1. Material breach: This breach represents a grave contravention of a contractual clause, affecting the very core of the contract, which empowers the aggrieved party to pursue damages and, potentially, the annulment of the contract.
  2. Anticipatory breach: An anticipatory breach transpires when one party’s contravention is so egregious that it is perceived as “repudiating” the contract. For it to be classified as such, the breach must constitute a “significant failure of performance” or rob the aggrieved party of “essentially the entire benefit” agreed upon.
  3. Partial breach: This ensues when an entity falls short in fulfilling a segment of their contractual duties. Despite the breach being partial, the aggrieved party is usually eligible to claim damages correspondent to the breach’s extent.
    When a breach of contract occurs, the initial step is usually to attempt remediation of damages through negotiations between the involved parties, aiming for a mutually agreeable resolution and to preserve the underlying business3 relationship. If negotiations are unproductive, the aggrieved party may seek legal remedies, primarily compensatory and consequential damages, to cover direct and indirect losses stemming from the breach. In contract law, a “remedy” is a court-ordered compensation or resolution designed to place the non-breaching party back to the position they would have been in had the contract been fulfilled as agreed, ensuring fairness and justice while considering the nature and impact of the breach.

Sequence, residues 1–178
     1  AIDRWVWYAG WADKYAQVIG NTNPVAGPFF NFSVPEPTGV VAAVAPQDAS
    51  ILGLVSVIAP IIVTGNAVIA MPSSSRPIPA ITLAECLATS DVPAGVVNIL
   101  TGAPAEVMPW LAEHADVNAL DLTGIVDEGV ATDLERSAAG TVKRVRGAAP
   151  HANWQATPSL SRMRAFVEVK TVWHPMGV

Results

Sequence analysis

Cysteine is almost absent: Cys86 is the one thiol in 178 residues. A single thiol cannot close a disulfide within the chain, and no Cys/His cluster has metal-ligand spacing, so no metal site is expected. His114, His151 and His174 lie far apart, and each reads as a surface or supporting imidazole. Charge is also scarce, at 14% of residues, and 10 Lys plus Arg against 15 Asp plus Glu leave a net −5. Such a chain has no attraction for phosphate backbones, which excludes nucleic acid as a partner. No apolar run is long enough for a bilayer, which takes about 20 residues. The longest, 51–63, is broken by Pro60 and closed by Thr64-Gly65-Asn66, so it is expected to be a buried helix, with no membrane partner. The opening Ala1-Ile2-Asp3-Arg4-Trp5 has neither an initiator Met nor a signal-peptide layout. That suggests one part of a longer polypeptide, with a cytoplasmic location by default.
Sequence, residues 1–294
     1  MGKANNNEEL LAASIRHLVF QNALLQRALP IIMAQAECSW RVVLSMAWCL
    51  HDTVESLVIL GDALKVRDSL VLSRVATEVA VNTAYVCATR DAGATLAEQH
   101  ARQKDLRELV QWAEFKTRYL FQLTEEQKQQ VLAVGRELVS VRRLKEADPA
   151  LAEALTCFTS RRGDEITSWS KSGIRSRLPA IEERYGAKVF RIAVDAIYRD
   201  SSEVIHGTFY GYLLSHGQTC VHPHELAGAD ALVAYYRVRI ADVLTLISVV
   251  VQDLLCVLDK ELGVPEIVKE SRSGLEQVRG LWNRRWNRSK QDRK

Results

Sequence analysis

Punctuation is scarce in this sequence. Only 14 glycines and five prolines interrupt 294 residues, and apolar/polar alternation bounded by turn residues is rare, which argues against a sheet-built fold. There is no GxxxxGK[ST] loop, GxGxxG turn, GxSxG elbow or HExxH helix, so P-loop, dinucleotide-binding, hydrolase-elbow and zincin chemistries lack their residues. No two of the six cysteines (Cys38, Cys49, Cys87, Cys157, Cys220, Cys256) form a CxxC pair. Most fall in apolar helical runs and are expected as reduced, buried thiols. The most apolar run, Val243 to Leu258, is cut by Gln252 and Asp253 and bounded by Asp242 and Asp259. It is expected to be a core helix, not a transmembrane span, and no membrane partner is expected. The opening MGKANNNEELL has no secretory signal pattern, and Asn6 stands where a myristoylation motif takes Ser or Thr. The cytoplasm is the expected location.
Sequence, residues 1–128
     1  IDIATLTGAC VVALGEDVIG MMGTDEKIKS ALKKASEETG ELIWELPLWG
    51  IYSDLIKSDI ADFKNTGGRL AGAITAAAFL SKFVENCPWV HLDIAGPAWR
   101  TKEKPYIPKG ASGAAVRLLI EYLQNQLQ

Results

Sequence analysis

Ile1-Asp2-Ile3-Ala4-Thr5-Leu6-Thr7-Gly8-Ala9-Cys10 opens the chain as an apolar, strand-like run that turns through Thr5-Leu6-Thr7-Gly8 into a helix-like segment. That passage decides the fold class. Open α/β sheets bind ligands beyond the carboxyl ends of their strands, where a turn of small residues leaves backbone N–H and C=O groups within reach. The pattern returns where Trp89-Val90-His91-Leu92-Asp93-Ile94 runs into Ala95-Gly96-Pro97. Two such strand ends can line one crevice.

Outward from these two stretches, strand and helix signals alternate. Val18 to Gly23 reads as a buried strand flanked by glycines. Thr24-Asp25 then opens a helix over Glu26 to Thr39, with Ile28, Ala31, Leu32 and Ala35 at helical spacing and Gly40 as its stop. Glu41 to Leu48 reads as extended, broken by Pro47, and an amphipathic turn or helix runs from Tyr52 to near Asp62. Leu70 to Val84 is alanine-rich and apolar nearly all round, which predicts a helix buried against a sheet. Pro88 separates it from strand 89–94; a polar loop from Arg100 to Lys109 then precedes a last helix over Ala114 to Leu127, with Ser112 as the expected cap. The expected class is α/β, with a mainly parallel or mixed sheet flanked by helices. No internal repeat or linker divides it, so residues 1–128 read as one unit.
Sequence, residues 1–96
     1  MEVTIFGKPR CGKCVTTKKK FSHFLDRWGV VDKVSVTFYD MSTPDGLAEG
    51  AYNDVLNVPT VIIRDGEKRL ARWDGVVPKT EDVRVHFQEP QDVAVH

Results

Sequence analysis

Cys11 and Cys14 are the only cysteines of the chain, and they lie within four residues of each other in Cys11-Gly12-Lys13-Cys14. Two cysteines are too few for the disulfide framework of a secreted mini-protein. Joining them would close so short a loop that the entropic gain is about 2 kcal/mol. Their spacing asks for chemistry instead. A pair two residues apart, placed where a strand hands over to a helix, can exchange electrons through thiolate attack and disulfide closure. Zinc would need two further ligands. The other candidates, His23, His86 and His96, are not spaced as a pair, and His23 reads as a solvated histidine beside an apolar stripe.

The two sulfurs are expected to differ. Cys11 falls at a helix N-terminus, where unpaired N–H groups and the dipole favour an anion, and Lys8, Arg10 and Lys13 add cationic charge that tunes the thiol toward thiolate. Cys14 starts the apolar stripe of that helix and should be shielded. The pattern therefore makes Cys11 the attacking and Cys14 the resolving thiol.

Final thoughts


In conclusion, the intricate fabric of contract law is pivotal in shaping commercial relationships and transactions, acting as the backbone to the legal and commercial fields. Understanding contract law is essential, whether you’re experienced in business or just starting out, as it guides you through the complex world of business deals and provides a structured framework allowing parties to voluntarily define and create binding obligations.

About the Author

Roberts and Obradovic Law FirmRoberts & Obradovic Law Firm, a law firm focused on providing prompt expert legal advice and representation on various corporate, privacy, employment, and litigation matters for businesses and individuals. To contact a business lawyer, visit their website.